The U.S. will dramatically draw down its forces in Afghanistan in the coming years, with some troops remaining to provide training to Afghan forces and to run a base for intelligence operations. Of course, the presence of even these troops is contingent on President Karzai agreeing to a new Status of Forces Agreement, which the U.S. and Afghanistan are currently trying to negotiate. There is also the question of foreign aid, which makes up almost 90% of Afghanistan’s GDP at the moment. The concern is that, as foreign forces and international aid leave the country, more Afghans may turn to the illicit economy and exacerbate the illegal drug trade (Afghanistan currently grows 90% of the world’s poppy crops). Finally, finding a peace agreement with the Taliban will be challenging. According to Ambassador Eikenberry, the Afghan Taliban are tolerated by elements of the Pakistani government and are also somewhat fragmented, complicating the negotiation process.

Coit Blacker

Professor Coit Blacker, a former Special Assistant to President Clinton and a current professor at Stanford , joined SIAS for lunch on Tuesday, February 18 to discuss the political crisis in Ukraine. Professor Blacker highlighted the historical centrality of Ukraine in Russian and Slavic culture as a driving force behind the current struggle. Russian culture began in what is now Ukraine and, for centuries prior to 1991, Ukraine had always been a part of Russia. Many Russians and Russo-Ukrainians see Ukraine as a part of Russia’s historic core, so they are not apt to give it up. Indeed, Professor Blacker compared how these pro-Russians feel to how many Americans would feel if the region of New England aimed to gain autonomy.

Although one half of the Ukrainian population is ideologically oriented toward the West, the other half is more ideologically Russian (with a quarter of the population being ethnically Russian). Part of the problem stems from Ukraine’s borders. Following WWII, the Soviet Union annexed a large chunk of land to Ukraine that was formerly a part of Poland and other Central European countries. The people in the Western half of Ukraine, consequently, often feel that hey have more in common with the rest of Western Europe.

Professor Blacker does not see the struggle in Ukraine ending anytime in the near future. The internal divisions are deep and they have deepened since the unrest began. With US and Russian intelligence services operating on either side, a swift resolution is unlikely. It is possible that, in the long-run, we could see Ukraine divided into two states. In the days since Professor Blacker’s talk, the situation in Ukraine has shifted from a prospective peace agreement to the President fleeing Kiev while protesters occupy his compound. The situation on the ground continues to evolve in unexpected ways.

John Prendergast

On Wednesday, January 29th, SIAS partnered with the Center for Democracy, Development, and the Rule of Law along with Crothers Global Citizenship Dorm to host renowned human rights activist John Prendergast, founder of the Enough Project, for a discussion of the current crisis in South Sudan. Prendergast engaged with assembled students and faculty in the CISAC conference room, highlighting the concerns – weak government institutions, oil revenue curse, and a restless military – which had worried international observers before the outbreak of the present conflict in December 2013.

Prendergast described the significant impact of the violence on the people of the world’s newest country, where the International Crisis Group (ICG) estimates that at least 10,000 have been killed and at least 50,000 have been displaced in the past few months. Prendergast also offered some reason for hope, highlighting the engagement of the Intergovernmental Authority on Development (IGAD) in the peace process and the supportive role played by international actors.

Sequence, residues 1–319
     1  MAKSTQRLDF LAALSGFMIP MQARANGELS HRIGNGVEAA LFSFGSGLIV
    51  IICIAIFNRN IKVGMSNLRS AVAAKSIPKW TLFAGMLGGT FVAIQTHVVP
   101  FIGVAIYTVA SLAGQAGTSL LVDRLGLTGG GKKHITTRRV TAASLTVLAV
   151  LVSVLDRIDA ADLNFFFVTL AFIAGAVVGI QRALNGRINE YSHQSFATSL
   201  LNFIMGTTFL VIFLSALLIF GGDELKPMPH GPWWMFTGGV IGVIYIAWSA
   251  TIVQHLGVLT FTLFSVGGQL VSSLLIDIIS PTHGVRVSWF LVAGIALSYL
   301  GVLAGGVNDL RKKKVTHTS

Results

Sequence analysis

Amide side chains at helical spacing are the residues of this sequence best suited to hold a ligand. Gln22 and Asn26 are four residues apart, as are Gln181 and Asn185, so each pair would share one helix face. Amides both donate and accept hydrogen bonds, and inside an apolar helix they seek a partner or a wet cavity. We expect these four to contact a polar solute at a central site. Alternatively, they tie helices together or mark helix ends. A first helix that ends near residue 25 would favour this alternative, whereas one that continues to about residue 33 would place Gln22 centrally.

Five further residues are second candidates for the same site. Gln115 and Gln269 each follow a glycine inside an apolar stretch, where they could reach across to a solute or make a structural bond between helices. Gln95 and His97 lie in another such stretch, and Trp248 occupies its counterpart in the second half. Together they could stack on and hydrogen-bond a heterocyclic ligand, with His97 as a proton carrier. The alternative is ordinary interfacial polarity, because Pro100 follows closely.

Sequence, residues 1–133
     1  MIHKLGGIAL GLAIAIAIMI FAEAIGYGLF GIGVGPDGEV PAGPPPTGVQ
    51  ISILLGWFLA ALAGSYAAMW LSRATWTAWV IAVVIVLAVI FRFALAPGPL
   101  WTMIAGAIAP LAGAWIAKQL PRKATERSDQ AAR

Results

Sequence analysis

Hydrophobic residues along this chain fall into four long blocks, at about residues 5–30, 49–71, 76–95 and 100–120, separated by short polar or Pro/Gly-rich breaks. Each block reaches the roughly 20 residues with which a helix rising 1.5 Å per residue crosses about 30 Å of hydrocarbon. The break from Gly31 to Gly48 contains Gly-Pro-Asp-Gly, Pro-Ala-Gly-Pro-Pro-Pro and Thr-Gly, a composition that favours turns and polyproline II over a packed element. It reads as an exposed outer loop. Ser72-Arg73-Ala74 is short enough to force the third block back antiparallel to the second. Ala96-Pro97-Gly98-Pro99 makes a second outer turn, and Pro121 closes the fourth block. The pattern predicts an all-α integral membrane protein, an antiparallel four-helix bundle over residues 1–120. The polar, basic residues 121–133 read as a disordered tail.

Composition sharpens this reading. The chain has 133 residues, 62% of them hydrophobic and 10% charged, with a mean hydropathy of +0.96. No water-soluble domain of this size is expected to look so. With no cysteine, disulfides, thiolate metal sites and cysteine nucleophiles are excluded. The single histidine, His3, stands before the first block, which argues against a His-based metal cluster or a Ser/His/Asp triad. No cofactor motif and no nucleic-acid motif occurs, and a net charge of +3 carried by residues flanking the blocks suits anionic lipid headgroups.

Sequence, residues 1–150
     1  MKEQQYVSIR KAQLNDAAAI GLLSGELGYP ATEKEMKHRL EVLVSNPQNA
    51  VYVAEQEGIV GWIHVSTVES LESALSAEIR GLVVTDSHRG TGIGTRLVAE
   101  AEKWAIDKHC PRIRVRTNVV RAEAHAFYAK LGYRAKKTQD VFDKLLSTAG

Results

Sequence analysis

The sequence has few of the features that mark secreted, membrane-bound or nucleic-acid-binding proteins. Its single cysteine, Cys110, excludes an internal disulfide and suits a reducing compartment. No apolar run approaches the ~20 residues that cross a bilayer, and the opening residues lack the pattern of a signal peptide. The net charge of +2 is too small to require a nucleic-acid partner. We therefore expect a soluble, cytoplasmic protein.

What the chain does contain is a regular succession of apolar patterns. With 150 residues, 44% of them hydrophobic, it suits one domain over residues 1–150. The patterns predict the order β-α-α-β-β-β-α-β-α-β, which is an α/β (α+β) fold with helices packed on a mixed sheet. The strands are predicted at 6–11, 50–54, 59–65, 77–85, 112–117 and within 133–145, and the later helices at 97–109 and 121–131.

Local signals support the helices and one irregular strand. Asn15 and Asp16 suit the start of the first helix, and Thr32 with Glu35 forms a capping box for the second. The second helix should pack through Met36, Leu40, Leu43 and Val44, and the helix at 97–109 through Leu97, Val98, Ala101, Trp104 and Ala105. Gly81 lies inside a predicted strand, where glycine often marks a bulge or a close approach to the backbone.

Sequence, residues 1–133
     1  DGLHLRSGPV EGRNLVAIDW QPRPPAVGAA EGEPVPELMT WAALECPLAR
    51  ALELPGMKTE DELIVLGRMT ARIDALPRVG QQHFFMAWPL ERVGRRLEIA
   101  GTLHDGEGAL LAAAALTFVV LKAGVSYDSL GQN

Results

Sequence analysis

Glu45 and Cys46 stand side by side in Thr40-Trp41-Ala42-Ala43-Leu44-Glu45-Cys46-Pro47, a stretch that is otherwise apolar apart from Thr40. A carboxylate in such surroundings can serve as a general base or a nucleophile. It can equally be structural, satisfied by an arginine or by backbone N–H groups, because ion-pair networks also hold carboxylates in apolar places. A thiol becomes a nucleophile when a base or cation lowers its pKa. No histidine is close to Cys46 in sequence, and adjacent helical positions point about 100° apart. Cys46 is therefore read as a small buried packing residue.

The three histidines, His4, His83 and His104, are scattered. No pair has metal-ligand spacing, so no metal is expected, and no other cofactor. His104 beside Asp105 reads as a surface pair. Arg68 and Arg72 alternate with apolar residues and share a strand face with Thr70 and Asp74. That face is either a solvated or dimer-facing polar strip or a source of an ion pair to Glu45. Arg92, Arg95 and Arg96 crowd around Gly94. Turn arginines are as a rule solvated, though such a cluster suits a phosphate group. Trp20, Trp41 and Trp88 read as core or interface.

Prendergast’s talk was followed by a lively question and answer period with students and faculty alike. Karl Eikenberry, former U.S. Ambassador to Afghanistan, asked Prendergast about Security Sector Reform (SSR) in South Sudan. Ian Chan ’14, President of SIAS, asked Prendergast how students could become more involved in resolving the conflict when there is not widespread knowledge or obvious courses of action. Prendergast replied that while certain international issues are particularly suited to student intervention–he cited the situation in Darfur and Apartheid in the 1990s as particular examples–the current conflict in South Sudan is so fast-developing that it would be difficult for students to get directly involved. Nevertheless, Prendergast encouraged interested students to join relevant activist groups, get on such groups’ mailing lists, sign petitions, and otherwise stay informed, emphasizing that students have more influence in international affairs than they often believe they do.

Dr. Abbas Milani

On Tuesday, January 21, the Society for International Affairs at Stanford (SIAS) hosted an interactive lunch discussion with Dr. Abbas Milani, a fellow at the Hoover Institution and resident expert on Iran. Professor Milani highlighted Iran’s changing role in the modern world and answered student questions.
According to Professor Milani, Iran and its relationship with the West are undergoing a dramatic change. Despite a facade of conservative clerical rulers, Iran is home to a young, tech-savvy and secular population.  This new generation has brought about great social change in Iran, although this change has yet to manifest itself in the political sphere.  However, the new government of Hassan Rouhani is more representative of this younger generation than its predecessor.

The sanctions against Iran, according to Professor Milani, have been quite effective and have placed Iran in a tough economic position.  Iran is increasingly dependent on its oil exports, yet production has continued to decline. In addition, some believe that recent developments in natural gas and clean energy will grant the United States and China independence from Middle Eastern oil by 2020.  Iran is also experiencing intense monetary inflation, and the potential for economic turmoil is pushing Iran to the negotiating table.

Professor Milani believes that the Iran of the future will look like Turkey in years past.  He envisions a country with a more secular state and believes that the global Iranian diaspora may help to effect this kind of change.  However, in addition to overcoming its current regime, Iran will also have to rise above other widespread but less-publicized issues, including rampant corruption and drug abuse.